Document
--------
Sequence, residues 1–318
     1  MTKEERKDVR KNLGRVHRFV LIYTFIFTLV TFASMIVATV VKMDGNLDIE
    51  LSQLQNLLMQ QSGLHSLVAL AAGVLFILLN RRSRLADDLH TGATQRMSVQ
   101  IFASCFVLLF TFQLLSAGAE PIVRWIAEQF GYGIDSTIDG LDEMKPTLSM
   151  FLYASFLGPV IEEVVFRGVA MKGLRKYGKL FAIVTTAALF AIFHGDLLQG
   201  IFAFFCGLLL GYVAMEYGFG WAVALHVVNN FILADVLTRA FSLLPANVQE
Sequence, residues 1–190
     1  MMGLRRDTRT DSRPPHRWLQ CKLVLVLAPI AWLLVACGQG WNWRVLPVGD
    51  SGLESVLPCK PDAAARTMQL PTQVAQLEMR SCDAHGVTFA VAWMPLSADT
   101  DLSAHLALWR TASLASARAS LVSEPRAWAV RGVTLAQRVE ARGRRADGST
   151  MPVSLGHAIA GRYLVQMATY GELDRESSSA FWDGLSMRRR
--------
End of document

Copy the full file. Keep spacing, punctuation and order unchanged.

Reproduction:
Sequence, residues 1–318
     1  MTKEERKDVR KNLGRVHRFV LIYTFIFTLV TFASMIVATV VKMDGNLDIE
    51  LSQLQNLLMQ QSGLHSLVAL AAGVLFILLN RRSRLADDLH TGATQRMSVQ
   101  IFASCFVLLF TFQLLSAGAE PIVRWIAEQF GYGIDSTIDG LDEMKPTLSM
   151  FLYASFLGPV IEEVVFRGVA MKGLRKYGKL FAIVTTAALF AIFHGDLLQG
   201  IFAFFCGLLL GYVAMEYGFG WAVALHVVNN FILADVLTRA FSLLPANVQE
Sequence, residues 1–190
     1  MMGLRRDTRT DSRPPHRWLQ CKLVLVLAPI AWLLVACGQG WNWRVLPVGD
    51  SGLESVLPCK PDAAARTMQL PTQVAQLEMR SCDAHGVTFA VAWMPLSADT
   101  DLSAHLALWR TASLASARAS LVSEPRAWAV RGVTLAQRVE ARGRRADGST
   151  MPVSLGHAIA GRYLVQMATY GELDRESSSA FWDGLSMRRR